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The Wage Gap for Women. Still Big After All These Years.

The Grand Canyon with the river at the bottom forming a dollar sign

We’re nearing the end of 2020 (finally!) but you would never know it by the glaring gap between men’s and women’s salaries that still exists 48 years after the Equal Rights Amendment (ERA) was passed to the state legislatures for ratification. Our new Talent Insights Report finds that the average median salary for men is 10.7% higher—and up to 19.5% higher depending on role and geography.

Here, let’s dig into some of the inequalities women face in the workplace, and then be sure to request your copy of the report. The more we understand about the playing field, the better chance we have of leveling it. (And If you haven’t yet seen Mrs. America on Hulu, check it out to follow the ERA journey, which is still ongoing. Insert surprised face here.) 

How Did We Get Here?

Fast Company has a really insightful look into the history of the gender gap. They point out that when women first began to come into the workplace, they were encouraged to do so-called “pink collar” jobs like teaching, nursing, and cleaning—roles that are lower paying than ones more typically filled by men. And then, of course, women are often the primary caregivers, leading to what’s known as the “motherhood penalty.” Women may drop out of the workforce because their lower pay can’t justify childcare costs, and if they do return, they’re often passed up for raises or promotions because they’re seen as not fully committed. 

According to the latest stats from the U.S. Census Bureau, a woman loses $9,766 a year due to gender inequality.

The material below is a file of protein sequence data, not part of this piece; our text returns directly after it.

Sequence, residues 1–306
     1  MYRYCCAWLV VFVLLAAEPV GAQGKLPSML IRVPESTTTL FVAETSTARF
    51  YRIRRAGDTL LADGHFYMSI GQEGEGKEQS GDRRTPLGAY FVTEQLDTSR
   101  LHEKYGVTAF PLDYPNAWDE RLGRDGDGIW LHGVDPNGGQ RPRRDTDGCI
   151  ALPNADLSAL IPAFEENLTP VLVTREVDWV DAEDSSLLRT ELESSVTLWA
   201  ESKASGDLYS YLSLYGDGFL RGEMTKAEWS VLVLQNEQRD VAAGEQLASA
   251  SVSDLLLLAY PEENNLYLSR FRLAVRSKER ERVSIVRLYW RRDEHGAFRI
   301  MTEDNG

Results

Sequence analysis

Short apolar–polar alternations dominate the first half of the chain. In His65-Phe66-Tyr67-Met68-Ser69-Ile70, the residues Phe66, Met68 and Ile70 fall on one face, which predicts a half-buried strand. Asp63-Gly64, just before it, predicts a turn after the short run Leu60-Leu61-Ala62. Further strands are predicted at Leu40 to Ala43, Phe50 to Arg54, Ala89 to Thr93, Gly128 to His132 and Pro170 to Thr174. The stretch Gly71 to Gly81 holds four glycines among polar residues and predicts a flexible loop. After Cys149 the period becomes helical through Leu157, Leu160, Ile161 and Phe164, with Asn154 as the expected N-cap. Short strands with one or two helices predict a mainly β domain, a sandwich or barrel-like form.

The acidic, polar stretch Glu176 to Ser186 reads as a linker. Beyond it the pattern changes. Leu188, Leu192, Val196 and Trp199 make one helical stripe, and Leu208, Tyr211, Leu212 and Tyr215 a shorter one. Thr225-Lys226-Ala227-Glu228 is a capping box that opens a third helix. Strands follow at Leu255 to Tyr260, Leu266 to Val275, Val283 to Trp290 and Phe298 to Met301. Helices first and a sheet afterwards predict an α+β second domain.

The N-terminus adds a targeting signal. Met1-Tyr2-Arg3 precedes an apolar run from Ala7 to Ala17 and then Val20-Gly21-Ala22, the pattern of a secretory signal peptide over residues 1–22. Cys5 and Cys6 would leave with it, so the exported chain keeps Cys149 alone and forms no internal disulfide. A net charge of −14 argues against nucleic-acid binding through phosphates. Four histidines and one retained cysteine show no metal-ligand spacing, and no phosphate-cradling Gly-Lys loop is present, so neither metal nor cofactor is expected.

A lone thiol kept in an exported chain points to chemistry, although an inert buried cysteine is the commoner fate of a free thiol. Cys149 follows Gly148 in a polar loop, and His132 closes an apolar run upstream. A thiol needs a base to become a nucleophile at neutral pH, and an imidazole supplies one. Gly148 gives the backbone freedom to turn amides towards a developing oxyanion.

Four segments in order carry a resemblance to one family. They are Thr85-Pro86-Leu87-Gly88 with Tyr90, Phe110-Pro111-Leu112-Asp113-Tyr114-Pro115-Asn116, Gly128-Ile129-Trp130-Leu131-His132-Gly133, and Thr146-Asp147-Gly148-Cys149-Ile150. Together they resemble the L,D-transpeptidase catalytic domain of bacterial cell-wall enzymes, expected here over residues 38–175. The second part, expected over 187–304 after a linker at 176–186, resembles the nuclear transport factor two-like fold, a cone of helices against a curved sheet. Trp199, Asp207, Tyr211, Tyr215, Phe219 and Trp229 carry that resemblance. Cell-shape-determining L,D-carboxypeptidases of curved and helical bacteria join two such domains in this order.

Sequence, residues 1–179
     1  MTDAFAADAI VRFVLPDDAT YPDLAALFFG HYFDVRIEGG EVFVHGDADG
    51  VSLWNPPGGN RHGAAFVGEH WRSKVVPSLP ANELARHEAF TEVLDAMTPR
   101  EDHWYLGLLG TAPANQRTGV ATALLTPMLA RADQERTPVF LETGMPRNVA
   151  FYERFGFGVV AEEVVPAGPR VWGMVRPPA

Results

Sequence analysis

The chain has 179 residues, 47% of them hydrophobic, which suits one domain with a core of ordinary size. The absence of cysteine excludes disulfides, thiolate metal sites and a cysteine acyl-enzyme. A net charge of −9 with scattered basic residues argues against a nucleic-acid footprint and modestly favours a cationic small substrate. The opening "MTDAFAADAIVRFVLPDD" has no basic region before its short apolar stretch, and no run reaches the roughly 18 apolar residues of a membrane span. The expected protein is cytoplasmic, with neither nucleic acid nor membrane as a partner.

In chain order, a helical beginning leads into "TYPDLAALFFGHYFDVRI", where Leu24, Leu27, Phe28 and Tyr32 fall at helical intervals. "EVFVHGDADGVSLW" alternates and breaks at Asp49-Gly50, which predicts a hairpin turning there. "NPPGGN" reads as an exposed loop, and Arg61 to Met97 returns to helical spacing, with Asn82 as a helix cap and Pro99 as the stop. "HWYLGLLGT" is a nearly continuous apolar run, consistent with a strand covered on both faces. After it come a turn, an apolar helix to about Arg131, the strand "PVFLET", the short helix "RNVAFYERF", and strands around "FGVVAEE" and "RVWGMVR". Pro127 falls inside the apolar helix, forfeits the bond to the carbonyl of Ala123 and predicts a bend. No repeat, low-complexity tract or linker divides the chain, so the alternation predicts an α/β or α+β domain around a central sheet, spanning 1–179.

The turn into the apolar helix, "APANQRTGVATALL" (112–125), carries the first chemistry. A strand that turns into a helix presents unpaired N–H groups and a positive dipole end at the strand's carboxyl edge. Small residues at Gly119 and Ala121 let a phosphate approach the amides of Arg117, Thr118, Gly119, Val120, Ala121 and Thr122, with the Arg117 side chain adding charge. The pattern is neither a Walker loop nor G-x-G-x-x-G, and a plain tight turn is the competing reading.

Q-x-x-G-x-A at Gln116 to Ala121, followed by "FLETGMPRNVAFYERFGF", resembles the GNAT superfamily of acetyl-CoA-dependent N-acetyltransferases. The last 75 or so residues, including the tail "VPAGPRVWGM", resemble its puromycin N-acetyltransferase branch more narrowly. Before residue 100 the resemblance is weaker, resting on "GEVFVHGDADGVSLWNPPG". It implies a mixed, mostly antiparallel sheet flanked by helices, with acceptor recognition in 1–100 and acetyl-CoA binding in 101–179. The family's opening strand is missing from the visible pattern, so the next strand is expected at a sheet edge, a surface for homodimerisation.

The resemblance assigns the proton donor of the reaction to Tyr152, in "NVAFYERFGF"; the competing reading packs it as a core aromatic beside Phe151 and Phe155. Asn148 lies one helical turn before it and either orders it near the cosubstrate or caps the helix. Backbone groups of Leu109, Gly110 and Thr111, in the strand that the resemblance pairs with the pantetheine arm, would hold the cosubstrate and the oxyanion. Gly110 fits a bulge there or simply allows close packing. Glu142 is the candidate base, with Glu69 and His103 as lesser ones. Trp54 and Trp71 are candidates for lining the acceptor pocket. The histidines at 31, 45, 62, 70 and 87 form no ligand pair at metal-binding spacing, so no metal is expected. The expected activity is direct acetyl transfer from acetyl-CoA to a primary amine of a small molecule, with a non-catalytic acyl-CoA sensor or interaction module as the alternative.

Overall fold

The Pandemic Is Making Everything Worse

Between the high unemployment rate, businesses adapting to fully digital operations, and people rethinking their careers, the workplace has been turned upside down since the coronavirus appeared. And for women, the shakeup is even more serious.

According to a Boston Consulting Group study of five advanced economies, including the United States, working moms are now responsible for 15 more hours every week than working dads on childcare and household chores. That gap was always there but has widened considerably since the pandemic began.

In addition, women have lost more jobs than men in the past seven months. And the longer women are out of work, the harder it is to close the gap once they return.

Time to Get Creative

It’s long been lamented that women in creative fields make significantly less than men. (Indeed, our own Talent Insights Report found that men in this field made 15.6% more than their female counterparts.) Emily Nhaissi, co-founder and CEO of digital design agency Craft & Root, wonders why only 11% of creative directors worldwide are female when women make up 85% of purchase decisions. 


According to a recent survey of the Young Creative Council, 70% of young female creatives work in a 75% male-dominated environment. This means that women new to the industry don’t see themselves reflected and don’t have mentors that understand their experience. Making them more likely to leave—and continuing the whole cycle. 

#MeToo Is Not Over

And according to March 2020 findings from the National Partnership for Women and Families, sexual harassment can affect women’s job choices directly and indirectly, which can widen the gender pay gap. Women who have been sexually harassed are 6.5 times more likely to change jobs, often to one that’s lower paying or lower quality. 


Know More. Say More. Do More.

Why are we talking about the gender pay gap? Because these are more than statistics. These are real women and their real lives. And if we don’t make noise about it, nothing will change.

Our new report details some ways that we are making a difference—like partnering with the Professional Diversity Network (PDN), a recruiting platform that pairs job seekers with employers who are serious about building a diverse workforce, offering free Aquent Gymnasium classes to help women prepare for new, hopefully, higher paying opportunities, and creating Vitamin T’s Book, which mitigates gender bias in recruiting candidates by providing portfolio results based on objective, rather than subjective, criteria.

Find out about all this—and the other major stories of the year—request your copy of the 2020 Talent Insights Report today.

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